Business Maverick

Business Maverick

U.S. Futures Swing With Yuan on China Trade Worry: Markets Wrap

The Hapag-Lloyd AG Leverkusen Express sails out of the Yangshan Deepwater Port, operated by Shanghai International Port Group Co. (SIPG), in this aerial photograph taken in Shanghai, China, on Wednesday, Aug. 7, 2019. Trump's threat to raise tariffs on all Chinese goods last week shattered a truce reached with Xi just weeks earlier, unleashing tit-for-tat actions on trade and currency policy that risk accelerating a wider geopolitical fight between the world's biggest economies. Photographer: Qilai Shen/Bloomberg

U.S. futures swung wildly with the yuan after a Trump administration official described the Sino-American trade deal as “over” before later saying that that remark was not as it seemed.

S&P 500 contracts dropped over 1% for a time before paring losses, after Trump aide Peter Navarro said “it’s over,” when asked in a Fox News interview about the trade agreement with China. He later suggested to the Wall Street Journal his comments were misunderstood. Treasuries climbed, the dollar rose and crude oil dropped. Asian benchmarks gave up earlier gains. Navarro’s remarks had revived concerns about deteriorating U.S.-China ties.
U.S. stocks, Treasury yields slide on Navarro's trade comments

Navarro, a White House adviser, made the comment to Fox after an exchange with the interviewer that reviewed Trump administration complaints with China’s handling of the coronavirus. He also said that China “lied” about the virus and that China policy would be a key plank in the November presidential election.

“Geopolitics are coming to the fore now once again,” said Jingyi Pan, a market strategist at IG Asia Pte. “We are seeing the switch flipped back to risk off.”

The swings in risk assets Tuesday followed what had been a constructive session on Wall Street Monday, when equities climbed as investors continued to bet on companies with strong balance sheets and better prospects in work-from-home economy. The Nasdaq 100 jumped more than 1%, and the Nasdaq Composite capped a seventh straight advance in its longest rally of the year.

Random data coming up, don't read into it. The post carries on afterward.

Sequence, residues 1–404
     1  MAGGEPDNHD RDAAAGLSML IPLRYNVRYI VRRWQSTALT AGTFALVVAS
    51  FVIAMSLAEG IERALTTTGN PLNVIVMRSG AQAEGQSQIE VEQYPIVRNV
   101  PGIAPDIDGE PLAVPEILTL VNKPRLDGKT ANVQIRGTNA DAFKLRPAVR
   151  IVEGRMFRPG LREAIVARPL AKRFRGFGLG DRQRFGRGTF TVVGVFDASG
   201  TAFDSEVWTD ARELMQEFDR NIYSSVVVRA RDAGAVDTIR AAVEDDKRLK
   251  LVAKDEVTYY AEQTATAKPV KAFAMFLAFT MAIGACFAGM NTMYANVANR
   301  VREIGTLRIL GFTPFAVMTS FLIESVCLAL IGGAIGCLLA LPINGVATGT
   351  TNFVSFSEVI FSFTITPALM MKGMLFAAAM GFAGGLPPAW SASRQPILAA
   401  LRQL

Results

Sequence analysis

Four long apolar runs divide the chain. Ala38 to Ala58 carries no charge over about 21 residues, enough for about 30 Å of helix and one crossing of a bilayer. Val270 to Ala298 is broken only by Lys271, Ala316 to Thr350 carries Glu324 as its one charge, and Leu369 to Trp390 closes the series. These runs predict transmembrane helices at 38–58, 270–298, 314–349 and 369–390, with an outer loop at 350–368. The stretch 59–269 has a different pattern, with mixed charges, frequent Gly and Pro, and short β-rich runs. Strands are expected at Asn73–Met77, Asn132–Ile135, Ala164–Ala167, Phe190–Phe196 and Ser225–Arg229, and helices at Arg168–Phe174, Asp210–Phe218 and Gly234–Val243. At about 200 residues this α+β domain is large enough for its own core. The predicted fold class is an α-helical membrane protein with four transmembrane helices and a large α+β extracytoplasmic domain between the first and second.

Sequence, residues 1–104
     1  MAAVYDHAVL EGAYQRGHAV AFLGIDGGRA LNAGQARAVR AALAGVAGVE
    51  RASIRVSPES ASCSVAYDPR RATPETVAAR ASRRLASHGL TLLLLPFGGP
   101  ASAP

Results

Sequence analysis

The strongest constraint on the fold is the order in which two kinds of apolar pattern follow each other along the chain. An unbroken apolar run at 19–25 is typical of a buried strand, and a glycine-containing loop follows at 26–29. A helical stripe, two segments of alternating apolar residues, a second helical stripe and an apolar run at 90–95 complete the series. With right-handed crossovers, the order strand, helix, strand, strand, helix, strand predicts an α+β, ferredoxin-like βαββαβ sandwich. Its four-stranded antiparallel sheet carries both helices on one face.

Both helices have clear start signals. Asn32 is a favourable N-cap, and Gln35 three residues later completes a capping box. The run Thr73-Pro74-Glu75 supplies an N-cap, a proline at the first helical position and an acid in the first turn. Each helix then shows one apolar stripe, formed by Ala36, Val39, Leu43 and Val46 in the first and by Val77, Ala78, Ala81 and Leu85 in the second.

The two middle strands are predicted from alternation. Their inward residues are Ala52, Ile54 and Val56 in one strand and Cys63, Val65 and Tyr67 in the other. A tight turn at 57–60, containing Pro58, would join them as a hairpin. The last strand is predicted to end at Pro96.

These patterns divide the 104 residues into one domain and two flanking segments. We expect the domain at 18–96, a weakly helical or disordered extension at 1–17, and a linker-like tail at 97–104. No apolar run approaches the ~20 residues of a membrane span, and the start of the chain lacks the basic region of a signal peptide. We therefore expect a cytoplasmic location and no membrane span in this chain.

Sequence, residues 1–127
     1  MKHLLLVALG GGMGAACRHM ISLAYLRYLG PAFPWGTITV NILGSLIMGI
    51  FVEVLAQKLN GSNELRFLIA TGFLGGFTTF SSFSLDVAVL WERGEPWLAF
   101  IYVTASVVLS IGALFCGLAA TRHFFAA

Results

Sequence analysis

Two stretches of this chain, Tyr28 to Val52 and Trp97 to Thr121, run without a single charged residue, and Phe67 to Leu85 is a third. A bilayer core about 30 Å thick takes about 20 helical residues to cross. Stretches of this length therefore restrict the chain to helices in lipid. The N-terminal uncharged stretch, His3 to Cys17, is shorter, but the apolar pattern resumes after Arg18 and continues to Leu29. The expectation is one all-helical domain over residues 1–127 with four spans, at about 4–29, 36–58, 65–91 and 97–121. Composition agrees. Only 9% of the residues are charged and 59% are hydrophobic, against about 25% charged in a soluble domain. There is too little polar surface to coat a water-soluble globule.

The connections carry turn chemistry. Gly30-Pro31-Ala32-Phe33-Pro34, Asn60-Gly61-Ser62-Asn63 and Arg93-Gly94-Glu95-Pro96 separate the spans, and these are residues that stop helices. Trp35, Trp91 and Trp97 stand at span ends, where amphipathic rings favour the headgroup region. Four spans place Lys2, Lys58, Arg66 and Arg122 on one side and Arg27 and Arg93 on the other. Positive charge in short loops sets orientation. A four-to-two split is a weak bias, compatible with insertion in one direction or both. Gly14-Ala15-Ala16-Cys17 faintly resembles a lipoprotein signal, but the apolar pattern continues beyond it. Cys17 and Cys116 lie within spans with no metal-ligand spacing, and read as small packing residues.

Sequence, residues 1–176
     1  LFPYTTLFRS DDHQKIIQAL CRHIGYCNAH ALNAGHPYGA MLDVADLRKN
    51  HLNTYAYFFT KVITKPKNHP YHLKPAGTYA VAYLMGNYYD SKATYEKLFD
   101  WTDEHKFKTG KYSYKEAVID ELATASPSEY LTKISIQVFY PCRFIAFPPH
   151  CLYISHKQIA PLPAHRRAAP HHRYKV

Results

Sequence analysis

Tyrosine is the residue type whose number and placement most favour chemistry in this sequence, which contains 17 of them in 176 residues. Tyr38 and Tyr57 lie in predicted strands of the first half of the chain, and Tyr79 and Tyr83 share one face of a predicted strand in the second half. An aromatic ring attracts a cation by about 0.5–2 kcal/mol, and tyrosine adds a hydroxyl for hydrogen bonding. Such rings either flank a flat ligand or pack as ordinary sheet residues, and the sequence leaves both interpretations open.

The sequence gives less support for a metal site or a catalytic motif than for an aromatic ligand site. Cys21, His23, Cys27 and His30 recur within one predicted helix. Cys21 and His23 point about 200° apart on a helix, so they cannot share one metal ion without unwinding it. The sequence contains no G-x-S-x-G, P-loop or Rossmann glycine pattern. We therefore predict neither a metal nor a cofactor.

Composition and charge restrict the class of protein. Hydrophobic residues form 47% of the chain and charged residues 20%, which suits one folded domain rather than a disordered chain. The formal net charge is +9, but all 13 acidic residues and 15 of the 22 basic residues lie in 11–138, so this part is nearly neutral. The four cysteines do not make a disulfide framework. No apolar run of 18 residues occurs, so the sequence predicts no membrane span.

Influential investors had added to the positive sentiment prior to Navarro’s comments. Steve Schwarzman, chief executive officer of Blackstone Group Inc., said the economy is likely to benefit from a V-type recovery in the next few months, though getting back to 2019 level will take “quite a while.” Hedge fund manager Bill Ackman said he sees gradual improvement on all fronts with so many resources poured into the health-care crisis.

Here are some key events coming up:

  • MSCI Inc. on Tuesday announces its market classification review for 2020.
  • The IMF will release new 2020 growth projections on Wednesday.
  • U.S. jobless claims, durable goods and GDP data are due Thursday.
  • A rebalance of Russell indexes is due on Friday.

These are the main moves in markets:


  • S&P 500 futures declined 0.3% as of 11:05 a.m. in Tokyo. The S&P 500 Index climbed 0.7%.
  • Topix index was up 0.3%.
  • Hang Seng Index fell 0.1%.
  • Shanghai Composite Index fell 0.2%.
  • Kospi Index rose 0.2%.


  • The Japanese yen was at 106.93 per dollar.
  • The offshore yuan fell 0.1% to 7.0669 per dollar.
  • The euro was little changed at $1.1259.


  • The yield on 10-year Treasuries fell about one basis point to 0.70%.
  • Australian 10-year yields ticked up to 0.89%.


  • West Texas Intermediate crude slid 1% to $40.34 a barrel.
  • Gold rose 0.1% to $1,756 an ounce.

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